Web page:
|So I regularly get emails from people asking to buy my hats, unfortunately I don't sell my crafts. I find that when I start to think about making money off something I lose all will to do it.
So I'm making this post to hopefully hook up those who want to sell with those who want to buy. If you sell or are willing to make to order any of my patterns post your etsy site, ebay shop, or email address as a reply to this entry. That way people who are looking to buy can look up the resources gathered here.
So I bought the Boye Needlemaster set a while ago for a few reasons:
1. Price (cheapest set available, especially if you have a 40% off coupon, heh)
2. Tons of tips (2-15! no other set has this range of sizes)
3. Pretty colors (yeah, this is silly, but they're so purty!)
The cables that came with them, however, sucked. They're stiff, have a stupid bend at the start, and when you attach two together it forms a "Z" bend in your cable that is hard to get your work to slide around.
So in a fit of insanity, I decided to make my own. I'd heard about people tapping the boye tips to fit the knitpicks cables, but not only would that mean buying knitpicks cables, but it sounded way easier (and cheaper) to make my own cables than to tap the metal tips (and probably destroy them).
I hesitated making a tute for this since it seems pretty extreme, making your own cables, but I figured if people are willing to take a tap and die to metal needles maybe someone would be interested in how to make their own cables. Plus they're easy to make, seriously, the only real skill you need is sanding/snipping a few things, and some measuring.
So after lots of measuring, trial and error, trying to find perfect materials, I got it, and let me tell you, these cables are awesome. They use weed whacker line (seriously) and are super super bendy. Plus since you're making them yourself you can make any length you want, I even have a cable short enough to make 16" circulars, and ones long enough for magic loop, so I pretty much can make any project that uses a needle size 2-15. You can make a cable the perfect size for making yourself sweaters in the round, and no need to screw two together to make a long cable, just make a long cable!
These are really easy to make, seriously. The hardest part is sourcing the materials, I got everything that wasn't laying around my house off Amazon.com, which was like 2 bucks for 10 feet of tubing and 100 screws, but now the price has gone up and it'd be around $10 (as of writing this) for the tubing and screws. The screws should be easy to find in a hardware store, not sure about the tubing though, if anyone knows if you can get it at a hardware store let me know so I can update this.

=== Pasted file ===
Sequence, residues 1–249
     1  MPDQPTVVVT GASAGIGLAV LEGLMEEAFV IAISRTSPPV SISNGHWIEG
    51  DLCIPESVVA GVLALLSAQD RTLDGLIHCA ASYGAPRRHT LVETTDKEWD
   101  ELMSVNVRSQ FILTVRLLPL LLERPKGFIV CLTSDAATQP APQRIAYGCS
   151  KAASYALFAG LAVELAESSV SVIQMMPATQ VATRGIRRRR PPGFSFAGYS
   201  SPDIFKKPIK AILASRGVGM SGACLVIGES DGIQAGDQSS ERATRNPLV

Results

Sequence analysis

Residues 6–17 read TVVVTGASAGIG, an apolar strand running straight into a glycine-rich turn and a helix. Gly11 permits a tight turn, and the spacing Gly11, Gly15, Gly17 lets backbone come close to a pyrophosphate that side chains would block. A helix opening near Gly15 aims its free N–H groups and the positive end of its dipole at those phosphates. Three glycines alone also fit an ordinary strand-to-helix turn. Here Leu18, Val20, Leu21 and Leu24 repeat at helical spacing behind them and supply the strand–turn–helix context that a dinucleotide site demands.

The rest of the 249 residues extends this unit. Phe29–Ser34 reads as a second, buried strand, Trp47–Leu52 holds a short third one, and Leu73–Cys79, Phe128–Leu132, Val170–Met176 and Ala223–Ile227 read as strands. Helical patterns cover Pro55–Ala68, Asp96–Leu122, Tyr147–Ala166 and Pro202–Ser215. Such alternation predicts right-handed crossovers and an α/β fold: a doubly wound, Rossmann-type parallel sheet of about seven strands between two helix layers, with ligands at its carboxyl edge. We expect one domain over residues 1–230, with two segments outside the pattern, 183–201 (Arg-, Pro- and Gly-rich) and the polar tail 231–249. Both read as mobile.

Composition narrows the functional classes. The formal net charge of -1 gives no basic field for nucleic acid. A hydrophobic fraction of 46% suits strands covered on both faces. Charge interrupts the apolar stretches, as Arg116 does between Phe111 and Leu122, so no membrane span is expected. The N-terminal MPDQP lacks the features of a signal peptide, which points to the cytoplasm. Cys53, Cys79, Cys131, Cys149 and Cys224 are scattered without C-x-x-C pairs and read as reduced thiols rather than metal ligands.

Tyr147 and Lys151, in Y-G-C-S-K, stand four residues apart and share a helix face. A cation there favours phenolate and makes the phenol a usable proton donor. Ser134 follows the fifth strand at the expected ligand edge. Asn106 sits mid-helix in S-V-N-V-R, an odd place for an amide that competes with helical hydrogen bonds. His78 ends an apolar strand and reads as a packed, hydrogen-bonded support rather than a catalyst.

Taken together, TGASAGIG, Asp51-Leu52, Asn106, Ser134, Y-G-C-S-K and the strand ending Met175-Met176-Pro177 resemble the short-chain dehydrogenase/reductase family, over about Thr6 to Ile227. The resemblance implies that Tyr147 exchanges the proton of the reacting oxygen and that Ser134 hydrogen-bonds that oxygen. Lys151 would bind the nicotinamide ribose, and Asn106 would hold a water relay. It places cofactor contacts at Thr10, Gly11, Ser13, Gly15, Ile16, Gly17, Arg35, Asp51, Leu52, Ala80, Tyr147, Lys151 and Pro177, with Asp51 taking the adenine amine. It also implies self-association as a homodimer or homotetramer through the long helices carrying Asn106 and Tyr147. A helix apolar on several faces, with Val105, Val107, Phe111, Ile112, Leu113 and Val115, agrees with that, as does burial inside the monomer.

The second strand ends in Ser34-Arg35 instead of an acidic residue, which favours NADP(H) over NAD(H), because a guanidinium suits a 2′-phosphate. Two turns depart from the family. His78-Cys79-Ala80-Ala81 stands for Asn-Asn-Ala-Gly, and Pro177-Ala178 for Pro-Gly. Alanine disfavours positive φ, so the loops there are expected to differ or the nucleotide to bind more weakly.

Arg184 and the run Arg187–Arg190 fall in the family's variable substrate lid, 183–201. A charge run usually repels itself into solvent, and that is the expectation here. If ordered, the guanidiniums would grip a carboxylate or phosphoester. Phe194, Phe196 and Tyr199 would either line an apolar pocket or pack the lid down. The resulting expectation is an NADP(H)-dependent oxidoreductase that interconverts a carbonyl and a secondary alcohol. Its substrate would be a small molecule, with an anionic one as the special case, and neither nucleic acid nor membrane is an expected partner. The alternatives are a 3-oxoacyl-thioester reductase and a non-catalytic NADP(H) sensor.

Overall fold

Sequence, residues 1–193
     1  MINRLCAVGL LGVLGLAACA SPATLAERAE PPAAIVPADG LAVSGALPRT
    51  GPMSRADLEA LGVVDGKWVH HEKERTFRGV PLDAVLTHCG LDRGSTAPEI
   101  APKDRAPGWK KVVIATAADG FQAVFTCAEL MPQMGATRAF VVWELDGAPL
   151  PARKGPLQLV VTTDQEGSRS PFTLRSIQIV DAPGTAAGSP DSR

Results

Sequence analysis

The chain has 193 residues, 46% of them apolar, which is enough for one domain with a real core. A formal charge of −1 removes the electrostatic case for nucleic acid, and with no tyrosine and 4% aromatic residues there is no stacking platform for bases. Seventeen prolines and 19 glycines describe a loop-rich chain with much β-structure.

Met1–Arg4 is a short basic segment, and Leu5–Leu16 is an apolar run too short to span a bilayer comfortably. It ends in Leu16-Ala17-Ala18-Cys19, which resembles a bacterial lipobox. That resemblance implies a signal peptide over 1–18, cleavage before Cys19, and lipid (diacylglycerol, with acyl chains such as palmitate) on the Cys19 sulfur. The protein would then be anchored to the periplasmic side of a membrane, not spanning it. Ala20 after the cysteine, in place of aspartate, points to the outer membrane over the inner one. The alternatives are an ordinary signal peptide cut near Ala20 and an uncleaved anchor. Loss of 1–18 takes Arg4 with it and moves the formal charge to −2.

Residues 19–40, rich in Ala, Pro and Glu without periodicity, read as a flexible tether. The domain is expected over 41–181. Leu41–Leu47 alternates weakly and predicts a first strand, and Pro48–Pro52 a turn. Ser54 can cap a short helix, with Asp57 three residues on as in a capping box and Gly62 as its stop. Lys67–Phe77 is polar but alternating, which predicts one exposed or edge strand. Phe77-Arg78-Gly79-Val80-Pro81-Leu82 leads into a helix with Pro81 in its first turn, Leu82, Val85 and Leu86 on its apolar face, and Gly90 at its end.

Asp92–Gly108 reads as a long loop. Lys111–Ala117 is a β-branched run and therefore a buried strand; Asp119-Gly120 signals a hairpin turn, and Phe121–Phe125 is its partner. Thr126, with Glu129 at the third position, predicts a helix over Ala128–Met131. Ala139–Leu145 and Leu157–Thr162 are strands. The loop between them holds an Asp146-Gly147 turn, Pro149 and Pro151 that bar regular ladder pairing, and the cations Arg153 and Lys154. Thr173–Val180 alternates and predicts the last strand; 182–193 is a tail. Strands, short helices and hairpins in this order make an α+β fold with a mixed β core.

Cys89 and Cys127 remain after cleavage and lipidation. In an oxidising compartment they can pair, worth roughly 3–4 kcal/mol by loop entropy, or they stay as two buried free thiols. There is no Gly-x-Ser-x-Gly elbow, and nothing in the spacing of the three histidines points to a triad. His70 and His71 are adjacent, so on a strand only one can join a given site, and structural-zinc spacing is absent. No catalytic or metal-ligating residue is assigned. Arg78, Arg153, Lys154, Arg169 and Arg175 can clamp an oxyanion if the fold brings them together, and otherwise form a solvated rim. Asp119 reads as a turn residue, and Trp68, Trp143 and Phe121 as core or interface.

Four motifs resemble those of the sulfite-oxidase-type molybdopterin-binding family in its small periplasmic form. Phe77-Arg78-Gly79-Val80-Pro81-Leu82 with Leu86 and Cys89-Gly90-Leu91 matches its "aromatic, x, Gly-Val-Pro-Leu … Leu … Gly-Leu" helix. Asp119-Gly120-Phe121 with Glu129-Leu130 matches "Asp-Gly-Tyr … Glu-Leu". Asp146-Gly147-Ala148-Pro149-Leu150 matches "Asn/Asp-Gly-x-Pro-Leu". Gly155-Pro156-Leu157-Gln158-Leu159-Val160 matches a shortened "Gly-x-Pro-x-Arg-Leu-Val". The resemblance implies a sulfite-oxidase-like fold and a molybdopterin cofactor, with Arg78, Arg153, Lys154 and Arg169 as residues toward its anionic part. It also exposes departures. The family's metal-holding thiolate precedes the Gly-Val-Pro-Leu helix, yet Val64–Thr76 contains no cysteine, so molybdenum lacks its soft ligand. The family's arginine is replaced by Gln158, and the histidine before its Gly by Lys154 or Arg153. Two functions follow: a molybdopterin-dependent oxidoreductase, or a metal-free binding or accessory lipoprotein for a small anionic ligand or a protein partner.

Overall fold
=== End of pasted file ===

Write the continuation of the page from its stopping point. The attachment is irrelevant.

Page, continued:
So not including the stuff laying around the house I spent probably 8 bucks total on this, and that's including 200 feet of weed eater line (that's a lot of interchangable cables!)
One more note, do not deviate from the required measurments (screw type and diameters of line and tubing) If you do you'll end up with useless cables. Plus this will only work with the Boye Needlemaster tips, the Knitpicks use a different size screw.
1. Nylon Tubing - with an inner diameter of .075" and an outer diameter of .125"
You don't need a ton of this, just a few inches for each cable.
I'm not sure if you can get this at a hardware store or not, I got mine from here: Nylon Tubing
2. Weed Eater Line - must be ROUND and must have a diameter of .065" or else it won't fit in the tubing
Again, length isn't super important, a regular package will probably have enough line to make tons of cables.
One cool thing about this is that it comes in different colors, so you can customise your cables (as long as it's round and has an diameter of .065")
I got this off Amazon too, here: Weed Eater Line
3. Screws - 2-56 screws of at least a 1 inch, head style isn't important since you'll be cutting that part off
Each cable takes 2 screws, so get at least enough for the amount of cables you want and a couple extra for mistakes.
I'm sure you can get these at hardware stores, but I got mine off Amazon here: Screws
Can get this pretty much anywhere, super cheap too.
5. Medium/Fine Sandpaper